If keeping this fish as a community fish then medium hard water with a pH of 7 is just fine. But we are talking about breeding this fish, so lets move on to the next step. Most books says you can breed them in one gallon jars, but try a ten or fifteen gallon tank minimum. Since the males are such an active driver, a bigger tank is all the better. I use a ratio of three females to two males and have found this to be best ratio of fish to get good egg production. The fish are condition in separate tanks, all males in one tank and all females in another tank. This is one of the key things to do. The conditioning tanks are also kept at lower temperature range than the spawning tanks. A temperature range of 64 to 68 degrees F. is ideal. Feeding lots of live food will allow the female to fill with roe very quickly. Place the largest females and the most colorful males together in the breeding tank you have just prepared for them. Spawning takes place close to the surface of the water where the eggs are laid singly and remain attached to the mops. Spawning usually continues over a number of days with about ten to fifty eggs per female being laid a day.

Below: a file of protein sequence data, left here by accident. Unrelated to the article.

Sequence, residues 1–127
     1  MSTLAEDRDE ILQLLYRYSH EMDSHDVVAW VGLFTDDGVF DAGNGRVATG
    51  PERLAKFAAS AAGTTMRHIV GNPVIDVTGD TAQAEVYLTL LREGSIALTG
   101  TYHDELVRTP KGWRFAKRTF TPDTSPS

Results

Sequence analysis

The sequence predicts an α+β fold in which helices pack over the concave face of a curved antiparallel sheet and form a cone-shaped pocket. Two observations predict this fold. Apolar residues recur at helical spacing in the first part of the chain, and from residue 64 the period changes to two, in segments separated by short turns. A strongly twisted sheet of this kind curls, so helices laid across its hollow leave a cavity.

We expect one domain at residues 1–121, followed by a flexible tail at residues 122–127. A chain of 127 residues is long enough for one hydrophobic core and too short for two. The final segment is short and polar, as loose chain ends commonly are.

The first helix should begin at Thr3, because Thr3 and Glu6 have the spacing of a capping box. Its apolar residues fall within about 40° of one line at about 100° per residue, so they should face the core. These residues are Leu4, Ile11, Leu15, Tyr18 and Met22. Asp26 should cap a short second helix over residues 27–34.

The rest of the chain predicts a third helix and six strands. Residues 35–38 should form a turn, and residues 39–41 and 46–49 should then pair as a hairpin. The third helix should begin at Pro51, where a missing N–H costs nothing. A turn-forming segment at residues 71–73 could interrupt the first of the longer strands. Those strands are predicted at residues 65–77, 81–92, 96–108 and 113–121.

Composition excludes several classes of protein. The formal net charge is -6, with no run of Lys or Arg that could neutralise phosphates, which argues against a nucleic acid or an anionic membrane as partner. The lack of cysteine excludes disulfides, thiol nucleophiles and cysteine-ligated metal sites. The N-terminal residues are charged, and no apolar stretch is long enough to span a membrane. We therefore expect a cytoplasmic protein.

These fish usually don't eat their own eggs. I let the fish spawn about seven to ten days before removing them to their own conditioning tanks. If you breed your killies longer than this they will become very weak and spindly and have a very good chance at dying. Also they are very hard to bring them back into good condition when they get this far down. REMEMBER! Rest them or loose them. The next step is to remove the mops from the tank and gently squeeze out the excess water from the mops. Then place the moms on some paper towels, to remove what water is left. The mops will now be just damp and will make it easier to find the eggs in the mops. You can pick the eggs out of the mops with your fingers. The eggs are very tough and will take some abuse. Next I get a clean plastic container that holds about 16 oz. and fill it up with water that matches the pH and hardness of the tank in witch the fish were spawned. To this water I add eight drops of acriflavin, then stir up the water till it's mixed good. Now pick out all of the eggs from the mops and place them in the container with the water and acriflavin. I keep the egg container upstairs out of the fish room where it is cooler, about 66 to 70 degrees F.